Courtney Ackerman, 19 June, 2018
How to Overcome an Instant Gratification Bias
I won’t sugarcoat it (pun intended)—saying no to immediate gratification is no easy feat. If it was, we would all be trim, healthy, and have a reasonable amount of money in our savings account. However, there are some things you can do to get better at avoiding the temptation to give in to instant gratification, including:
- Empathize with your future self. Before making a decision between instant and delayed gratification, take a moment to think about your future mental state—if you opt for instant gratification, how will the future you feel? Will she be happy you made this decision the way you did, or will she wish you had opted for delayed gratification?
- Precommitment. One of the best ways to protect yourself from the temptation of instant gratification is to make some decisions beforehand. If you can set some of your most important decisions in stone now, you will be less likely to change your mind or go through the hassle of backtracking and undoing your preparations when you come face to face with the decision.
- Break down big goals into small, manageable chunks. Big goals are fun set and can be motivating, but they can also seem overwhelming or far off. When you must decide between instant, easy gratification and delaying gratification in the attempt to meet a big, distant goal, it’s hard to stick to your long-term goal. Breaking these big goals into smaller pieces with rewards after each step makes you more committed and more likely to make the best decisions (Mani, 2017).
When you give your future self some consideration, make important decisions ahead of time, and split your big goals up into smaller, more manageable goals, you will find it much easier to say no to immediate temptations.
Tim Urban’s Instant Gratification Monkey (The Instant Gratification Monkey and Why Procrastinators Procrastinate)
If you haven’t happened upon Tim Urban’s blog Wait But Why, you’re in for a treat! He explores interesting and impactful topics at a depth that is unseen in the blogosphere. His ability to explain complex ideas in a simple and straightforward manner is exceptional, and the drawings that accompany his blogs are nothing if not endearing.
One of his best pieces (in this author’s humble opinion) is “Why Procrastinators Procrastinate,” in which he introduces us to the Instant Gratification Monkey. I highly recommend reading the entire piece (which you can find here), but I’ll outline the gist of this naughty monkey if you don’t have the time to invest in Urban’s long but worthwhile blog post right now.
The Instant Gratification Monkey is a troublesome creature who lives in the brain of procrastinators and constantly grapples with the much wiser tenant of the brain (the Rational Decision-Maker) for control—and frequently wins. The problem is that this monkey is truly terrible at making decisions.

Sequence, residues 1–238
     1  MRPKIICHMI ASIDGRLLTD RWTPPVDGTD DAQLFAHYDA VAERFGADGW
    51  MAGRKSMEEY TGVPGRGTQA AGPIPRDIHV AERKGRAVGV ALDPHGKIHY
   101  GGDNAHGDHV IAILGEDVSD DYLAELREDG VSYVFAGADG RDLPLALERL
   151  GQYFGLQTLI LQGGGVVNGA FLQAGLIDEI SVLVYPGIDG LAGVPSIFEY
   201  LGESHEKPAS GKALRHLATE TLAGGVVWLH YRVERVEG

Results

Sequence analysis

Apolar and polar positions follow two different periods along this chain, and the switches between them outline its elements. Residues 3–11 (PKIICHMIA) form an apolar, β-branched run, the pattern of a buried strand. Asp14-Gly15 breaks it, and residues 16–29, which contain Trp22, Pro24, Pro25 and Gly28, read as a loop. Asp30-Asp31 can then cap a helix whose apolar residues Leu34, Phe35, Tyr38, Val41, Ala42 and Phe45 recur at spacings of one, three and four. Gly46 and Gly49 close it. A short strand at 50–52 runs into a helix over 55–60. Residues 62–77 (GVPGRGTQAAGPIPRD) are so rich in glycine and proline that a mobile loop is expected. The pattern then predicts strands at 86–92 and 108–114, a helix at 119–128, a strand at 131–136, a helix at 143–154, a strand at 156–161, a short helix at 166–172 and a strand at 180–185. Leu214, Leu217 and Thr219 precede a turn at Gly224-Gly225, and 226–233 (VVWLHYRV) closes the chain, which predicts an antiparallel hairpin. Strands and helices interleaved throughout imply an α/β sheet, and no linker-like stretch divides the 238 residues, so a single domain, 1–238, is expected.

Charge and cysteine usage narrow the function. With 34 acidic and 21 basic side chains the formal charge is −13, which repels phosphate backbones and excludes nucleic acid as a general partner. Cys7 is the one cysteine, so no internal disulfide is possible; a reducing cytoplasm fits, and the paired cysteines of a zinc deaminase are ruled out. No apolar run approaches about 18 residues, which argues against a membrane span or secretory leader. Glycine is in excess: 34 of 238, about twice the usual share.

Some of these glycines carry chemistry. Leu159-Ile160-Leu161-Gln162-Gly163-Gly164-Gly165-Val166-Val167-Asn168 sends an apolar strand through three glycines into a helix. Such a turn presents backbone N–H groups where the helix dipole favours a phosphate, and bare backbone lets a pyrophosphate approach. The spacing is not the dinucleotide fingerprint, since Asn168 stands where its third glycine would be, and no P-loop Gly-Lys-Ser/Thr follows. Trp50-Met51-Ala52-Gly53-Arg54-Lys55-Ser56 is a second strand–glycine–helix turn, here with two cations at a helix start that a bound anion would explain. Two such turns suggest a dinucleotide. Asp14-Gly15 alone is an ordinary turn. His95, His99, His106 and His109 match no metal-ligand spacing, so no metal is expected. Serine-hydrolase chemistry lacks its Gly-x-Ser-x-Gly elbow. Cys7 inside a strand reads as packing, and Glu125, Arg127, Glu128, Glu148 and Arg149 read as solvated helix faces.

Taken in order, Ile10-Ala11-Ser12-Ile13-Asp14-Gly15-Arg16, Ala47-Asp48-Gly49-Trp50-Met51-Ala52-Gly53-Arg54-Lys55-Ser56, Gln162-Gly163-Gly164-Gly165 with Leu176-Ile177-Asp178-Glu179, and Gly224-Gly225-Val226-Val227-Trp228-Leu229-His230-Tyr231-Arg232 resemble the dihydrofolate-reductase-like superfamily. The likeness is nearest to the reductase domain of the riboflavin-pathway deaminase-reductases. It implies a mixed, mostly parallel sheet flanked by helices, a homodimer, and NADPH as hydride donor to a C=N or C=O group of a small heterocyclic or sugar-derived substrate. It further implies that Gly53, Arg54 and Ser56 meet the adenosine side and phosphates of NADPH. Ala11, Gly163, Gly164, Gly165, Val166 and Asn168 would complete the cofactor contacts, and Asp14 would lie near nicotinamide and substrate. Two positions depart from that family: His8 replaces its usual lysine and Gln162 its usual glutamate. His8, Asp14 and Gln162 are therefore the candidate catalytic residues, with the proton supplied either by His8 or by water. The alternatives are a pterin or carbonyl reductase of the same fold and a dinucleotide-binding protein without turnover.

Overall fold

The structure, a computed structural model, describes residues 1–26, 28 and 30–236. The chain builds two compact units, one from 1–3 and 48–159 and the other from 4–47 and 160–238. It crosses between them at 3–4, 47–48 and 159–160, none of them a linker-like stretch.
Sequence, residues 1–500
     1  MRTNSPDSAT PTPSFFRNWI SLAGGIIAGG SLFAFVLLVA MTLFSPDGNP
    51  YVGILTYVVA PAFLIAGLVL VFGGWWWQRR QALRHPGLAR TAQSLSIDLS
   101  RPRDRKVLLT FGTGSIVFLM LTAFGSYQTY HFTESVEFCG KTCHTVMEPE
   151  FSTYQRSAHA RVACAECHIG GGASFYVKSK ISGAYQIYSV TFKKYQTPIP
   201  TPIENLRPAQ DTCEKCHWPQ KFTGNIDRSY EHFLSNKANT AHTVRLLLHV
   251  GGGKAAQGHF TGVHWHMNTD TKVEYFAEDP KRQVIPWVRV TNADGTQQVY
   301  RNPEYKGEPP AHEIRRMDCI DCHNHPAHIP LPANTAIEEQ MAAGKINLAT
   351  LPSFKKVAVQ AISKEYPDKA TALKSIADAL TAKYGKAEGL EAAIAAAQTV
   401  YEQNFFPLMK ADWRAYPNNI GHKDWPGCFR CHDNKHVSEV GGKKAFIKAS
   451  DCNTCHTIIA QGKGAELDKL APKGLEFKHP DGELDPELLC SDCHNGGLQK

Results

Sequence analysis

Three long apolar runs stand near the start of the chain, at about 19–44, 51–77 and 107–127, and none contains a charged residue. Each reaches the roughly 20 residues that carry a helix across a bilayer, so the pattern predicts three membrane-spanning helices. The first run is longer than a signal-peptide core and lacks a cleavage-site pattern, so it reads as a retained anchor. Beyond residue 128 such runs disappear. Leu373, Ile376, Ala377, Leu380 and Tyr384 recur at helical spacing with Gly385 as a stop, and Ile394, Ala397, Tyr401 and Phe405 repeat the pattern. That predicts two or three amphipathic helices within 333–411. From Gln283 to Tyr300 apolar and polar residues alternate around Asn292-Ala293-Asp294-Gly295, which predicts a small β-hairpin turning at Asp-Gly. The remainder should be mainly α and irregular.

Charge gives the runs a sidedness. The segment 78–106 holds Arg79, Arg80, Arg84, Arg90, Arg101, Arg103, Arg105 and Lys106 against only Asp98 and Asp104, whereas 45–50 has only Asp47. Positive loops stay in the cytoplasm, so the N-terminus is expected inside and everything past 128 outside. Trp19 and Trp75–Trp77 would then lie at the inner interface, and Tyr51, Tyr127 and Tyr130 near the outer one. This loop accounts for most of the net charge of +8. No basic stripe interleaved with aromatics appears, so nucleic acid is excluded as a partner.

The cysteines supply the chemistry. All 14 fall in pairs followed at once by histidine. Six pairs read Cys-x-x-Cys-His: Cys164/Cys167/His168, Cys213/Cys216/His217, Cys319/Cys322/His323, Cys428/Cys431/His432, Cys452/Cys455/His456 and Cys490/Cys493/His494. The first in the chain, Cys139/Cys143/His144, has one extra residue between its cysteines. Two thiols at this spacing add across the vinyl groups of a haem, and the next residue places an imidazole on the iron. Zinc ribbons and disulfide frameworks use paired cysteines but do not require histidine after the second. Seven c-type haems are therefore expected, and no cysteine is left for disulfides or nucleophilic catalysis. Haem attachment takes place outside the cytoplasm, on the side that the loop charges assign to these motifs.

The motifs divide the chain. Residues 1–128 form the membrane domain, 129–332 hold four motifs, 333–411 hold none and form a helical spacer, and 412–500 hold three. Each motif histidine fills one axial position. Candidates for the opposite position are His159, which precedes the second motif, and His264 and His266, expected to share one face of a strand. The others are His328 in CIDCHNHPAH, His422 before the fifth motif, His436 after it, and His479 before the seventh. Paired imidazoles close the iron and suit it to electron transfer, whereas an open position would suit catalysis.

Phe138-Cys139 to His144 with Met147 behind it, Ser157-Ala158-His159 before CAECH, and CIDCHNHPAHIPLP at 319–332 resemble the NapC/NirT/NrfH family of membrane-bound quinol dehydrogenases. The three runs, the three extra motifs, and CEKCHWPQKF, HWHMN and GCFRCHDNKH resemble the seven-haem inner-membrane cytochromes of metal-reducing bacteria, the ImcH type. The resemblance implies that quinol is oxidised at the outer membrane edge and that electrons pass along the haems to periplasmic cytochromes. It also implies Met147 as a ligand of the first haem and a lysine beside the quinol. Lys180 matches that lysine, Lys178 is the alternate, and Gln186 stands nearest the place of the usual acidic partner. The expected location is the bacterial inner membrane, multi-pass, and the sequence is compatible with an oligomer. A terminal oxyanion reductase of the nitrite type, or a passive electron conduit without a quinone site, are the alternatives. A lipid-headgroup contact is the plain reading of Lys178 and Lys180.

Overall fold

I’ll let Urban tell you why he’s so bad at decision-making:
“The fact is, the Instant Gratification Monkey is the last creature who should be in charge of decisions—he thinks only about the present, ignoring lessons from the past and disregarding the future altogether, and he concerns himself entirely with maximizing the ease and pleasure of the current moment. He doesn’t understand the Rational Decision-Maker any better than the Rational Decision-Maker understands him—why would we continue doing this jog, he thinks, when we could stop, which would feel better. Why would we practice that instrument when it’s not fun? Why would we ever use a computer for work when the internet is sitting right there waiting to be played with? He thinks humans are insane” (Urban, 2013).
In procrastinators, the monkey is bigger, stronger, and louder than in those steadfast people who embody patience and wisdom. The monkey has only one natural enemy in the procrastinator’s brain: the Panic Monster. The Panic Monster shows up when deadlines are approaching and only immediate and extreme effort can salvage the situation. Many Instant Gratification Monkeys run for the hills when the Panic Monster appears (although some are unaffected even then), and the procrastinator is finally able to get some things done.
While this might seem like a good thing—after all, at least something gets done—it’s a really bad strategy for the long-term. Here’s why it’s a really bad strategy:
- It’s unpleasant for the procrastinator, who could enjoy some well-deserved rewards after dedicated and consistent effort instead of guilty pleasure and last-minute panic.
- The procrastinator will eventually fall prey to underachieving and fail to meet his goals, which keeps him from reaching his full potential and is likely to result in guilt, regret, and self-esteem issues.
- The procrastinator may get the “must-do” things done, but he will rarely if ever, get the “want-to-do” things done; anything that does not have a strict deadline that sets off the Panic Monster’s alarm bells will never become a priority (Urban, 2013).